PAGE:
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About Jaan Männik

I am interested in understanding how DNA, proteins and lipids self-organize in bacterial cells and give rise to cellular structures. The questions which my lab members and I address are: How prokaryotic cells position cell division proteins? How are bacterial chromosomes organized and what role they play in cell division process? How robust are cell division and chromosomal organization to perturbations in cell shape? We use Escherichia coli as a model organism to quantitatively describe dynamics of these self-organizing processes. The main experimental tool in my laboratory is fluorescence microscopy, which we combine with quantitative image analysis to achieve nanometer- scale resolution. We also design and fabricate cellular environments that are structured at micro- and nanoscale. These so called cell chips allow us to control and alter cells’ physical and chemical environment and follow cellular responses in time. In addition to experimental work, I am also interested in providing a theoretical description of self-organizing processes in cells based on physical principles. In this work we combine statistical mechanics, polymer physics and theory of elasticity.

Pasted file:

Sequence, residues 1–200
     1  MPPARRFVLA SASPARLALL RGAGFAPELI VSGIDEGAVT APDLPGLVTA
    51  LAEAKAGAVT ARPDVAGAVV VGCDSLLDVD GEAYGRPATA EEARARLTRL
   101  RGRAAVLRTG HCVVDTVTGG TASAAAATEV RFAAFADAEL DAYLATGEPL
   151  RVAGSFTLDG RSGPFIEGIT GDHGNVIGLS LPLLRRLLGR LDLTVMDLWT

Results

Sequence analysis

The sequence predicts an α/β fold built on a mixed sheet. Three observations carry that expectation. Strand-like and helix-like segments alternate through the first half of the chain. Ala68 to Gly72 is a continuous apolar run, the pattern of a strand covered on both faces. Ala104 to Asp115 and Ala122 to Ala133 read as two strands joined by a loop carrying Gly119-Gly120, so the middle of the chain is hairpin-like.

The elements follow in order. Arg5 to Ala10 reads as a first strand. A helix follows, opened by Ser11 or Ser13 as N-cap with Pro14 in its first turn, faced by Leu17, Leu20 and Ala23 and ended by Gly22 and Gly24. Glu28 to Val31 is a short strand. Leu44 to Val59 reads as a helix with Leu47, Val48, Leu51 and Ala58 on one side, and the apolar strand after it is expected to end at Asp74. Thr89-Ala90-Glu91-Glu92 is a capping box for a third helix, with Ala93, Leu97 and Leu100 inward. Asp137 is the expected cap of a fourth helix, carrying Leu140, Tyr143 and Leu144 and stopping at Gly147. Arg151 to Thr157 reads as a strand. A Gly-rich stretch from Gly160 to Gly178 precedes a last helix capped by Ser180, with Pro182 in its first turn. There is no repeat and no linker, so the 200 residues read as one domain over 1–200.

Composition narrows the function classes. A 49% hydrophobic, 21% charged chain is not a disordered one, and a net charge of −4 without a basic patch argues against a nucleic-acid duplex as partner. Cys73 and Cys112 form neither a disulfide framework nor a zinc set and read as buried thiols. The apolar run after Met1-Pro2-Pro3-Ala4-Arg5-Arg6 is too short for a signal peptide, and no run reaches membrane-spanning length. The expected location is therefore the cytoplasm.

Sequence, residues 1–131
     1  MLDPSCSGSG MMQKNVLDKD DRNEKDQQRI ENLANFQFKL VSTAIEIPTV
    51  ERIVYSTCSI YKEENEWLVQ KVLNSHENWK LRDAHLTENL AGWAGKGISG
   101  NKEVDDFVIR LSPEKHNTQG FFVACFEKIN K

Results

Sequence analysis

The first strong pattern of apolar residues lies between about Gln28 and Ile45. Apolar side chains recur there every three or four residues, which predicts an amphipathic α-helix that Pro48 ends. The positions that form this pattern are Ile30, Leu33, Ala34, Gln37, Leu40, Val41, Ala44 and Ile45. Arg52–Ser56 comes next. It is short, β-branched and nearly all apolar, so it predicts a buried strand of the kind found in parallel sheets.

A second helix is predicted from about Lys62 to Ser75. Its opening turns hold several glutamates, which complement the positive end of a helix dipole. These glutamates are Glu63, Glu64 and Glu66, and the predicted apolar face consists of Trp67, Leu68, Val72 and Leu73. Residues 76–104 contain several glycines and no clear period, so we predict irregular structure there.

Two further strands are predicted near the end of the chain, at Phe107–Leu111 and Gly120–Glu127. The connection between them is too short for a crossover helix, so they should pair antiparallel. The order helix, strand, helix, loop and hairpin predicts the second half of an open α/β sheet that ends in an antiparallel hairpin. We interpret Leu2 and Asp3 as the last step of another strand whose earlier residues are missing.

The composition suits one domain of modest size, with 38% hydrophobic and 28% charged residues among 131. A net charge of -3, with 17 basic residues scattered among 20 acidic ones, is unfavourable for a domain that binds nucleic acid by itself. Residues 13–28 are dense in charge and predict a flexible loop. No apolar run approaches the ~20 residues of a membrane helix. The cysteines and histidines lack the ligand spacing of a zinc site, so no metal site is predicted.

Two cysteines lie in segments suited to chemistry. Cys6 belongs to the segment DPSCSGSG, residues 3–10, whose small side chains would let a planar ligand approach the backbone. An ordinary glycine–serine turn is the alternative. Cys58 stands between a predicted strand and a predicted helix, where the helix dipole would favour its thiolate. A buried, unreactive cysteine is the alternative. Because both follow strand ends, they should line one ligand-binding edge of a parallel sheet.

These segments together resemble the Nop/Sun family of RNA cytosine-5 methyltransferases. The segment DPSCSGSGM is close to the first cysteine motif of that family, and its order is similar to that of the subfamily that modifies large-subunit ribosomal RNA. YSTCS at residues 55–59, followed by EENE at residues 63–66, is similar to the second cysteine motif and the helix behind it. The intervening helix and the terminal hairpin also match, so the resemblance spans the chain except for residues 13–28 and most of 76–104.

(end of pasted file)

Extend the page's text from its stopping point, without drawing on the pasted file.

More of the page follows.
Positions

Present Assistant Professor of Physics, University of Tennessee, Knoxville
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Honors and Awards

  • NSF CAREER Award, 2013

Articles (14)